De Ro tried — boy, did he try — to keep United season on life support, but Troy Perkins wouldn’t let him. (Luis M. Alvarez/AP)

Failure is one thing: I’m very familiar with failure and — not to brag — I’m getting pretty good at it. I fail at more things before 6 a.m. than most people do all day. I can take a heapin’ helpin’ of failure. But to have that failure spread out over several weeks, and to have glimmers of hope sporadically pop up only to be immediately consumed by the dense, rancid, churning pile of failure, was particularly cruel.

I was ready to move on. I was ready to turn my attention to the questions United will face this offseason, such as: if Dwayne De Rosario tries to leave, will Kasper and Payne grab on to his legs and yell “noooooo!” like my nephew does when his dad leaves for work? Will Charlie Davies return for a reduced salary, say $6.15 an hour? Should Joseph Ngwenya be put out on an ice flow, or should he be loaded into a rocket and shot into space?

And yet, there were 90 minutes of soccer plus what seemed like about an hour and 20 minutes of stoppage time left to play. It was truly one of the most exciting games I’ve ever watched: with both teams needing a win, they completely vacated the middle of the field for the last 10 minutes and took turns snuffing out each other’s great chances. It was All-Star game-level defense in a league match.

Bill Hamid made several great saves, only to be matched at the other end by Troy Perkins. De Rosario almost won the game all by himself. Ngwenya proved beyond any shadow of a doubt that he will never, ever, score. There were shouts for penalties, shots off the crossbar, a goal (correctly) called back for offside, and a split-second where it seemed like Blake Brettschneider might salvage United’s season. I’ll say this: it was exciting.

So, in one way, the season wasn’t a failure. I made it to the second-to-last game of the season still caring. Last year it was during the national anthem of the first match that I somehow understood that we were not going to make the playoffs. We got to watch a lot of exciting young players. Some excelled, some didn’t. Some excelled at first, then floundered, then flopped, then whined, then sued a bar for serving alcohol. So, in a way, we got what we wanted: entertainment.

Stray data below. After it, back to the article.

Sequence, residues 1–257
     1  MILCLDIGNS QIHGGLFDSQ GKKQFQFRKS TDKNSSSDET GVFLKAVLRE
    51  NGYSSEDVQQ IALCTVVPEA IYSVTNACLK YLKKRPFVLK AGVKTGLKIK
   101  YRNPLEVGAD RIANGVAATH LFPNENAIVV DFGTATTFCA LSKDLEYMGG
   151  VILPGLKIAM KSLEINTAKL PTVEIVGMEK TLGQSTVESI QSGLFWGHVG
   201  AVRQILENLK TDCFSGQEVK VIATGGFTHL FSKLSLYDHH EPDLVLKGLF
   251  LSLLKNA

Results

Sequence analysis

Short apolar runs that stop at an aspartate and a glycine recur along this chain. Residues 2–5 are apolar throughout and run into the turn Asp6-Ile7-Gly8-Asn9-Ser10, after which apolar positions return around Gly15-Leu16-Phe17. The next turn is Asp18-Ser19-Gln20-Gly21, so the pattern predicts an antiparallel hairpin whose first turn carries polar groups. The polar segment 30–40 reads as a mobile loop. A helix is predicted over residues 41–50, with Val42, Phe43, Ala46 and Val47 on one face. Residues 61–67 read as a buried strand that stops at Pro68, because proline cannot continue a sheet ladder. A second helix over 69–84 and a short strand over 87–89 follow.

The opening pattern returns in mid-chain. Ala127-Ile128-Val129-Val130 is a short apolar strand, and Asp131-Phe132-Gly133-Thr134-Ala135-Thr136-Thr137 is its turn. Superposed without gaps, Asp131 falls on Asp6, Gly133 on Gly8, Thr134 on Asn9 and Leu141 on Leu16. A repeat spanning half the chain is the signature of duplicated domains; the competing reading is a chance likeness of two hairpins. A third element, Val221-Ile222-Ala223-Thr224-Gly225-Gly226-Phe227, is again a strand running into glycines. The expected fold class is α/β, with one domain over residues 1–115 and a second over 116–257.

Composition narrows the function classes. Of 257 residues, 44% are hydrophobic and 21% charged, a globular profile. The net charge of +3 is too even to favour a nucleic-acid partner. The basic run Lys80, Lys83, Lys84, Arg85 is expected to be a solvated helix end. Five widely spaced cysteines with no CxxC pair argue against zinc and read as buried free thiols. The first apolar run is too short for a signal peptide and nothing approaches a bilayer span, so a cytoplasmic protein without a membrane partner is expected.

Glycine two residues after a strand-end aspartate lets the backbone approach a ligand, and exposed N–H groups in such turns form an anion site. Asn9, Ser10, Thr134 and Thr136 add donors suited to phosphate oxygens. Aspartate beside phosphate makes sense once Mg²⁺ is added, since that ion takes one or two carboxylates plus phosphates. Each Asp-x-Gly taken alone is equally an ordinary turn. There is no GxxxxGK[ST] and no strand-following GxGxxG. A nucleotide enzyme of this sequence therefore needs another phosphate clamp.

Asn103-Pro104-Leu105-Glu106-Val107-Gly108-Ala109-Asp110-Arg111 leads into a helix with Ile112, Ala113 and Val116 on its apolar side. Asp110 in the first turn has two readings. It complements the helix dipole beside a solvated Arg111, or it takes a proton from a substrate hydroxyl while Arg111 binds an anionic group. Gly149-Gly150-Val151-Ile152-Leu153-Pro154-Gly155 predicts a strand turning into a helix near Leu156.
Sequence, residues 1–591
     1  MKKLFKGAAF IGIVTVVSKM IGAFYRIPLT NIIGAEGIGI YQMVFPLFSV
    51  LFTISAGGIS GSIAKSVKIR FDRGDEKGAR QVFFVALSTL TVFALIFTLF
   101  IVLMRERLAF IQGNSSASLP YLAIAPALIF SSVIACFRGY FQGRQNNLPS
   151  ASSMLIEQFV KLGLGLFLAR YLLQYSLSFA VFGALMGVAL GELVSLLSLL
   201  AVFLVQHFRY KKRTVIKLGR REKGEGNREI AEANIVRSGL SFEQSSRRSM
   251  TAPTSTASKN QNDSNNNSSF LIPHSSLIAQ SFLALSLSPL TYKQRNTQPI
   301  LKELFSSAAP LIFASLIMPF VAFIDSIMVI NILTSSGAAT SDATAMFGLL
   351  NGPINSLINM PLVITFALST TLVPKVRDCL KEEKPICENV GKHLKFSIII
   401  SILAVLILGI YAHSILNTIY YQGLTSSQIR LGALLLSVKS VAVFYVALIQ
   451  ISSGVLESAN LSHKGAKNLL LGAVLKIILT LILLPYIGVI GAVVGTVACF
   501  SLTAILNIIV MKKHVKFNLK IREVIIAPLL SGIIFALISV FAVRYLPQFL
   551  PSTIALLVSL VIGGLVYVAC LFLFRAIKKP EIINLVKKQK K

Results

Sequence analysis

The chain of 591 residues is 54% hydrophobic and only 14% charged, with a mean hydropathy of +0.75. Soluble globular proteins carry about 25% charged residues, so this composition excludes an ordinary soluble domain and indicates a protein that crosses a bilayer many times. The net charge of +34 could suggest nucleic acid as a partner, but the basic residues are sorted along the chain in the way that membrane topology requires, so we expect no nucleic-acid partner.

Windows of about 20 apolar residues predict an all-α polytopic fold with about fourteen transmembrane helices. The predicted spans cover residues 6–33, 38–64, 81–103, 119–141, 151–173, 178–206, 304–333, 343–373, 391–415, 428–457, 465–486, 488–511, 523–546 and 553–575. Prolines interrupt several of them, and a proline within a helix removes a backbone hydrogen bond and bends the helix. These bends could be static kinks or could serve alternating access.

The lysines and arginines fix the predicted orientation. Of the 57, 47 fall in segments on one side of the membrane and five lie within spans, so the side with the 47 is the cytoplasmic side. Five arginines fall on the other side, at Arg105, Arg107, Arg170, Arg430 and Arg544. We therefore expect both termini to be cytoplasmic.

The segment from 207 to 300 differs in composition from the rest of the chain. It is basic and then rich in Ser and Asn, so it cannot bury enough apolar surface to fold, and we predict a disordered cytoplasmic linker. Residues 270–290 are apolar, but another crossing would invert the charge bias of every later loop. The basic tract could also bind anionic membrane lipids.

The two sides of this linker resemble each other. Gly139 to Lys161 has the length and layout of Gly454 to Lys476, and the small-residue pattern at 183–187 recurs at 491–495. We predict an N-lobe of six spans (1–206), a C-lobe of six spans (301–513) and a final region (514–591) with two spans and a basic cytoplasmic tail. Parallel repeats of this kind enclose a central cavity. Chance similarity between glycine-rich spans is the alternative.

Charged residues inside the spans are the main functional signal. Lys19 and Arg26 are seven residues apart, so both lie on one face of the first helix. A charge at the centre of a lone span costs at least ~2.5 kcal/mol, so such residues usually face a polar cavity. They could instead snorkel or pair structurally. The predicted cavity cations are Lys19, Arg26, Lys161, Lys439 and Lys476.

But — to paraphrase the Simpsons — in another, more accurate way, the season was a total failure. Since preseason, the stated goal was to make the playoffs — that is, to be better than 44.5 percent of the teams in the league. That didn’t happen. If it had, United fans would have been treated to something we haven’t experienced since 2007: getting eliminated in the first round of the playoffs. It also would have been a nice line on Ben Olsen’s resume. But it didn’t happen and all we can do is be disappointed.

So, I’m flipping the switch to offseason mode. Time to start buying champagne for your “Joseph Ngwenya has been non-tendered” party. Time to speculate about draft picks that none of us have seen play. Time to wring our hands about how much it will cost to keep De Ro as a free agent, then click over to news about baseball’s free agents and laugh ourselves silly. But, as a goodbye to this season, I want to do one more set of player rankings for this last match. I’m not going to do numbers; I’m going to do word-association based on how I felt about them at exactly 10 p.m. on Wednesday night.

Hamid: Promising.

Woolard: Acceptable.

McDonald: Starter.

White: Not ready.

Korb: Sleeper.

Quaranta: Frustrating.

Kitchen: Simms-displacing.

Najar: Marked.

De Rosario: MVP.

Wolff: Lesser of four evils.

Davies: League minimum.

Da Luz: Bench.

Brettschneider: Cost-effective.

Ngwenya: We thank you for your service to the club.